The Minnesota Public Utilities Commission (MPUC) on September 15 approved a proposal filed by Minnesota Power on June 30 (Docket No. E015/M-16-564) to provide lower electric rates, the utility claims, for “Minnesota industrial companies that are uniquely exposed to global competitive pressures.”
The commission voted 3-2 for the rate cut – which was ordered by the 2015 Minnesota Legislature to help reduce operating costs for Northeastern Minnesota’s largest industries, taconite plants and paper mills. Both recently have been hurt by competition from foreign imports.
The rate shift will give 11 of the utility’s largest customers a 5 percent rate reduction, according to a report by the local Duluth News Tribune.
The approved rate shift will collectively save the 11 big customers between $13 and $19 million annually, according to testimony during Thursday’s nearly daylong hearing.
Conversely, the PUC is expected to approve a rate recovery plan in coming weeks, the news outlet said, that would allow Minnesota Power to recover the money by raising homeowner rates about 10 percent and rates for small businesses between 1.8 and 5 percent, although those numbers aren’t set.
A 10 percent increase for residential customers would raise their monthly bills by about $8 per month – bumping up the average customer invoice from $79.44 to $87.44, or just under $100 per year.
Many low-income customers would be exempt from the increase.
The new rates will be in effect for at least four years, but the PUC said it reserved the right to annually review the situation to see if the shift had spurred both the benefit intended or caused undue burdens for homeowners.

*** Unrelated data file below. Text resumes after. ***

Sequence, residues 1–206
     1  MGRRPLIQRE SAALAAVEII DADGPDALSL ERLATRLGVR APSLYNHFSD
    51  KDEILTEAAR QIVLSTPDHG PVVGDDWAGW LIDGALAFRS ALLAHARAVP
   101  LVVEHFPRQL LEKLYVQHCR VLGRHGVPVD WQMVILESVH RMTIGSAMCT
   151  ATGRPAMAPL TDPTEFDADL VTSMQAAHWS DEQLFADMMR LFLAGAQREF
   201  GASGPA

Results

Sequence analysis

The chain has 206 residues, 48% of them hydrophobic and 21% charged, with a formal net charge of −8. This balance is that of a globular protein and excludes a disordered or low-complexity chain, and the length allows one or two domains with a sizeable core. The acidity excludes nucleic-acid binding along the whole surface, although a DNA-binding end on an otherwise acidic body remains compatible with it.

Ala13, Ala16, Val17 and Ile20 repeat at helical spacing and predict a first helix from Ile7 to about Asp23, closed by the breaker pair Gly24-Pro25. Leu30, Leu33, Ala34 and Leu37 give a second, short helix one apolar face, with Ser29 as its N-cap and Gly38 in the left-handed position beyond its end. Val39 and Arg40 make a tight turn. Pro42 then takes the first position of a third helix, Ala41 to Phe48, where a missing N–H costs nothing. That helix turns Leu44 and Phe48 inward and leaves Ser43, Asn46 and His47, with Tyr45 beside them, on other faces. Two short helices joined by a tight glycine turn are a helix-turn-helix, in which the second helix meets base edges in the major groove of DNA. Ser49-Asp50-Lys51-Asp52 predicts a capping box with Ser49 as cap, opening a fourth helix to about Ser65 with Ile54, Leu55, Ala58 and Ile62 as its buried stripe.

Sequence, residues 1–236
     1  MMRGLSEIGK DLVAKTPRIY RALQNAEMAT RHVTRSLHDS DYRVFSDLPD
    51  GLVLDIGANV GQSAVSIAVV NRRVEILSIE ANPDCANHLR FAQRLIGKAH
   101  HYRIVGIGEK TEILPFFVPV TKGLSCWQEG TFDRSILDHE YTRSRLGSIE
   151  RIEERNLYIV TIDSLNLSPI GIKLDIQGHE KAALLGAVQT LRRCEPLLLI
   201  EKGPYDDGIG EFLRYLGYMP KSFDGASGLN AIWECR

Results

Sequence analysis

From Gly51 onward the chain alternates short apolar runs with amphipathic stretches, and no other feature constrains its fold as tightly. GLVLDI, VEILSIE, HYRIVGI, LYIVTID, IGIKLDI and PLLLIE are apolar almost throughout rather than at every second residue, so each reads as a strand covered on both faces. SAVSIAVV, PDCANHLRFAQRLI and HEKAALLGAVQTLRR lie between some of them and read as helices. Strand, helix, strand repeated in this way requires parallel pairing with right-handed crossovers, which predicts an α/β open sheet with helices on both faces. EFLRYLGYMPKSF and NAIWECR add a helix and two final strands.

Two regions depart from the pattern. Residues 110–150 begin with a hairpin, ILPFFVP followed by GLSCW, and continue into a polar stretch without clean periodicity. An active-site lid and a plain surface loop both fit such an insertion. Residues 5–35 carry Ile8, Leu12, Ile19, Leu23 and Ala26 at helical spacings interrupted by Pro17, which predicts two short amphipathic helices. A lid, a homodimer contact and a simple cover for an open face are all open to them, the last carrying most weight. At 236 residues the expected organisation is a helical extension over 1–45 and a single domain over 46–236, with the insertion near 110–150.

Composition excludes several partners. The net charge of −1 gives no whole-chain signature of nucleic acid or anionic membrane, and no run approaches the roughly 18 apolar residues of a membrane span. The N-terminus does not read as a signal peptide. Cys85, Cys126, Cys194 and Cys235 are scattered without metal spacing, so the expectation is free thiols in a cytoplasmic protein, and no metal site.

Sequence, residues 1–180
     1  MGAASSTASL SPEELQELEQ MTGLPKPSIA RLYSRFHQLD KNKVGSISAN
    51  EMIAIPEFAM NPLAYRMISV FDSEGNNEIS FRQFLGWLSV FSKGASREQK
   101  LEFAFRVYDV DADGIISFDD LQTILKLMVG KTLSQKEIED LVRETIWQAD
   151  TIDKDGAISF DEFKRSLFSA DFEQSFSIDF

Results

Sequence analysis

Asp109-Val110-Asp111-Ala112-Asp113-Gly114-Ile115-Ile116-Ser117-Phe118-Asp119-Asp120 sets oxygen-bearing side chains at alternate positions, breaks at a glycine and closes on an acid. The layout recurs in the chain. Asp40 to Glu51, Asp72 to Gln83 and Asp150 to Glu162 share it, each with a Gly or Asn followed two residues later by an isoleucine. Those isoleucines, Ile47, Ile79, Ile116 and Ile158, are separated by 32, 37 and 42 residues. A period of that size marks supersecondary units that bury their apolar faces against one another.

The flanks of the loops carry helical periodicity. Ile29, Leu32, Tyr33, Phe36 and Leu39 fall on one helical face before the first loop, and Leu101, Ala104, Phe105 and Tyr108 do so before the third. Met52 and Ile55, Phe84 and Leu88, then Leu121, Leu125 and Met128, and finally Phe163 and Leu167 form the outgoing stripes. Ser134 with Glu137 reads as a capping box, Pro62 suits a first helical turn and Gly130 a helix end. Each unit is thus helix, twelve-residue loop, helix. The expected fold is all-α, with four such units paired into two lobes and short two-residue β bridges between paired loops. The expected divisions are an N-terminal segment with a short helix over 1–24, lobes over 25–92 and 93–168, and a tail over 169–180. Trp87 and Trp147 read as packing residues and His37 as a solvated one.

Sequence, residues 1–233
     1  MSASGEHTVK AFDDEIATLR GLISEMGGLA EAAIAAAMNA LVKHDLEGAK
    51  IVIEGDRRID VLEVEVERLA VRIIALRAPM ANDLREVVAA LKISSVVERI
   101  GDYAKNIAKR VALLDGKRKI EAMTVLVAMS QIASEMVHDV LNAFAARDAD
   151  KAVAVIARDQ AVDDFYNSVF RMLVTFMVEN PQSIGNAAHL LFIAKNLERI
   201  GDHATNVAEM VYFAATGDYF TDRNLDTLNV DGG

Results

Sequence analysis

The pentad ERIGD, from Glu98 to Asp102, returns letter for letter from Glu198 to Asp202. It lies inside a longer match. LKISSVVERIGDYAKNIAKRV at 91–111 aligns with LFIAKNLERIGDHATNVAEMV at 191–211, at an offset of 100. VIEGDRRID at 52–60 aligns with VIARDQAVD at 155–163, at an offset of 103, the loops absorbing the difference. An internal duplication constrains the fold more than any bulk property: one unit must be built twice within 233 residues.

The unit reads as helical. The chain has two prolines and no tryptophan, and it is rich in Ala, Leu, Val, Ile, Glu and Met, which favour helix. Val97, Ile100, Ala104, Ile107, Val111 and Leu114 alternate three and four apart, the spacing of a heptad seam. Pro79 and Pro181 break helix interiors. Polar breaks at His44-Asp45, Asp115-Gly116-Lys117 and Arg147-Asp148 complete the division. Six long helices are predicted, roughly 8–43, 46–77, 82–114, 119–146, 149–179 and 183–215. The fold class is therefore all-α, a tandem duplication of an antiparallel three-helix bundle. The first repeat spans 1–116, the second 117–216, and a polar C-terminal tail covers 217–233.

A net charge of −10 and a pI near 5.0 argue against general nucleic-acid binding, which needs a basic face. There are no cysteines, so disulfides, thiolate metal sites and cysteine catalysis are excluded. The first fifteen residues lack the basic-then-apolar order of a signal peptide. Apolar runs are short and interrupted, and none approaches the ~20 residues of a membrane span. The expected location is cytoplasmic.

Advocates of the proposal testified that the rate shift helps eliminate a de facto subsidy that the big electric customers have been paying to keep homeowners’ rates down. But Commissioner John Tuma argued that the rate shift was a subsidy of large companies by homeowners and small businesses.
“What you’re asking for is a subsidy,” Tuma scolded taconite industry officials at the commission meeting according to the report, later adding that the companies had provided no guarantee of added employment or production if they get the rate cut at homeowner’s expense. “We’re buying a pig in a poke.”
Bob Tammen of Soudan, a frequent critic of the mining industry – which is located in the unincorporated community in the form of the Soudan Underground Mine State Park and the University of Minnesota’s Soudan Underground Laboratory – said the rate shift produces no net benefit for Minnesota.
The rate decision came just months before Minnesota Power plans to return to the MUC and ask for a general rate increase for all customers, the Duluth News Tribune reminded readers.